International Man of Mystery...

My photo
I grew up in the Boston area and lived there until my junior year in high school when I attended the Mountain School, a semester program run by Milton Academy in Vershire, VT. I then attended Colby College in Waterville, ME. During my time at Colby I studied anthropology, spent a semester in Northeast India, and became fluent in Nepali. Before I became a guide I earned my black belt in kenpo karate and taught karate for 6 years. I began guiding in college on the rocky coast of ME with Acadia Mountain Guides and on ice at the International Mountain Climbing School in NH. After graduating I took to the highway and drove from ME to WA for the big mountains and glaciers. I spend my winters in lovely Ouray, CO guiding in the famous ice park. I am currently working towards becoming a certified guide through the American Mountain Guides Association. I live, work and play in the hills and on the rocks. On the rocks both literally and, well, with ice.

Monday, November 22, 2010

Advice on Early Season Ice Climbing

The internet is buzzing with questions about ice conditions. Blogs, forums and other internet resources are great ways for people tocheck the ice conditions early season when they can be uncertain. I don't know about the rest of Colorado but the ice in the San Juans is definitely IN.

Call me an old traditionalist but my favorite way to check the conditions is to load my pack with ice and rock gear and go see what looks good for myself. One handy trick for this sort of early season climbing is not to sharpen your tools or crampons yet. Excited ice climbers often sharpen their gear to get ready for their first day out. unfortunately thin ice and little snow cover means you are likely to swing or kick your nice sharp point into a rock. You will do less damage and extend the life of your gear if you wait to sharpen it until the ice is fat.

I really enjoy early season ice. The thin candled ice is a bit more interesting to climb than the fat sheets of blue verticality. While the ice is thin, with a few stubby ice screws protection is ample. The ice is are getting fat though, and there is lots of snow in the mountains. as a matter of fact I saw the biggest avalanche of my life that showered us with dust at Ouray's Camp bird road. Needless to say, I have a new respect for the power of tons of sliding snow! I managed to get a photo of us in the dust cloud.

Friday, November 12, 2010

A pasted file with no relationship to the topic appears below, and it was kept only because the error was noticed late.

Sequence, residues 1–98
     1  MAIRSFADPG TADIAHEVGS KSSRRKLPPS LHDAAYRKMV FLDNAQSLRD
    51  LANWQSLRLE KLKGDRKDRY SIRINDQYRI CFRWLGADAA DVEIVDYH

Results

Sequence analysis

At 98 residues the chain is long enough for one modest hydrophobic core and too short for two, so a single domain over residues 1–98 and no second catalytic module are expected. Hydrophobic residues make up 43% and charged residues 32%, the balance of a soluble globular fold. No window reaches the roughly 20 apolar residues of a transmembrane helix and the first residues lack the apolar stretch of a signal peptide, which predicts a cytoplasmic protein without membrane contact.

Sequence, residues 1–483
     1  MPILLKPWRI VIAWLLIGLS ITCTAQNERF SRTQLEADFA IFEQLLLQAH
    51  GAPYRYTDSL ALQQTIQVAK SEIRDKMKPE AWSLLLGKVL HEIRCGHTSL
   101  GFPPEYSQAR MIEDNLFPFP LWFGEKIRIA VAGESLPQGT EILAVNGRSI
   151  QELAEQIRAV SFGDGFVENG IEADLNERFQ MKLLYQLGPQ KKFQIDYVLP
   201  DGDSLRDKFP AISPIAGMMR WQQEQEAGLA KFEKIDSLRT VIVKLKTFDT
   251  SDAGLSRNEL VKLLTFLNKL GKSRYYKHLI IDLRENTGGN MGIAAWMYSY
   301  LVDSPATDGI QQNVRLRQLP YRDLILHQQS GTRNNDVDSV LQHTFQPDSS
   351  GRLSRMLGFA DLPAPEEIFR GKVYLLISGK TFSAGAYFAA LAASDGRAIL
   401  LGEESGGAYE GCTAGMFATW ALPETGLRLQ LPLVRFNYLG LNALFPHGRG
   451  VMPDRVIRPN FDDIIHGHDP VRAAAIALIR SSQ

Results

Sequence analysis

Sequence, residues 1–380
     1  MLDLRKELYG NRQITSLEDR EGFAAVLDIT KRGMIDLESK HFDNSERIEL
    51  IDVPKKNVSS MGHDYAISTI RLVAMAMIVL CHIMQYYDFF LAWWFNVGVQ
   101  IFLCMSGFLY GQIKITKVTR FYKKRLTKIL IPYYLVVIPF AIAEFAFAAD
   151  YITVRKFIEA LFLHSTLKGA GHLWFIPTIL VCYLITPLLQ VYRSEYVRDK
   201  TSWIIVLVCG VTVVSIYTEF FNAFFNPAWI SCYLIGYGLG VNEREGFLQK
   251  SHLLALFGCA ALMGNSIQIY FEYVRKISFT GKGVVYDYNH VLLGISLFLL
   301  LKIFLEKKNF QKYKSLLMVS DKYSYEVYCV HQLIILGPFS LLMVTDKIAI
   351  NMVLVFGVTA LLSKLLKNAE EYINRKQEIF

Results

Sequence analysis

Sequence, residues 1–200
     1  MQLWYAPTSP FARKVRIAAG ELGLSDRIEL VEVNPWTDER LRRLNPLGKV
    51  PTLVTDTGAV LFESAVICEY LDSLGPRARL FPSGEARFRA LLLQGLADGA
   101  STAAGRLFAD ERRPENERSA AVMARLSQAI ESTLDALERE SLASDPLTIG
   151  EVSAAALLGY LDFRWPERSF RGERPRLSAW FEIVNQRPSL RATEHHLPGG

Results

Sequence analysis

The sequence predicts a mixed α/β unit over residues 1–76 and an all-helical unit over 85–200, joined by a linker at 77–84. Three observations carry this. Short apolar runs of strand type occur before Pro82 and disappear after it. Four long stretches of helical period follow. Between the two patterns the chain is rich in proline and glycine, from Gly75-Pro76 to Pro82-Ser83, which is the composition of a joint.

Early Ice!!!!

It seems like just yesterday I was rock climbing...Well I suppose it was a few days ago. Anyway, the important thing is that IT IS ON!!! Hannah and I celebrated the Coming ice climbing season by enjoying a pleasant romp up a frozen stream bed near Silverton. The route, the Direct North Face was my first climb last season too. It is a great early season choice because it gets literally no sun. Brrrrr. This made the transition from rock climbing in the sun a bit jarring. Last season I did the climb much later in the month. This time the ice was thinner and steeper which made for an exciting start to the season.

Hannah led her second pitch of ice ever. Congrats Hannah! To put this in perspective, this summer, Hannah and I climbed Rainier's Liberty Ridge and Baker's North Ridge, both alpine ice climbs, ropeless. Soon after our ascent of liberty she soloed Rainier's Ptarmigan Ridge one of the hardest routes on Rainier. That is to say Hannah is no stranger to bold climbing, it is just a change of pace for her to actually have to stop and place some gear. Way to go Hannah!

Wednesday, November 10, 2010

Fall in the Creek

Hannah and I managed to get a couple days of rock climbing in pleasant temps before the weather got a bit cold for our tastes. the climbing was wonderful in Indian Creek as always but the real adventure was on the way back when we tried to take a forest service road home. New snow made the road way to muddy and after sliding sideways down a couple of hills and barely making it up some others, we turned around and drove back to the paved road. While I like to imagine my car is a truck, in fact, it is not.

Tuesday, November 2, 2010

Back in Ouray, CO

Its hard to say I'm home. Where 'home' is is very much up in the air. In Colorado I am from Washington. In Washington I am from Colorado. Either way Ispent yesterday getting settled in a lovely apartment about a mile from the Ouray Ice Park. From the six point buck that sleeps in the yard to the freshly snow capped peaks in every direction I am excited to call this home for now. All we need now is some ice and then hopefully i'll see you here too. Until then I look forward to checking out the forbidding Black Canyon near Gunnison and perhaps take a one last trip to rock climb in Indian Creek. First however, I have to get settled here, at home.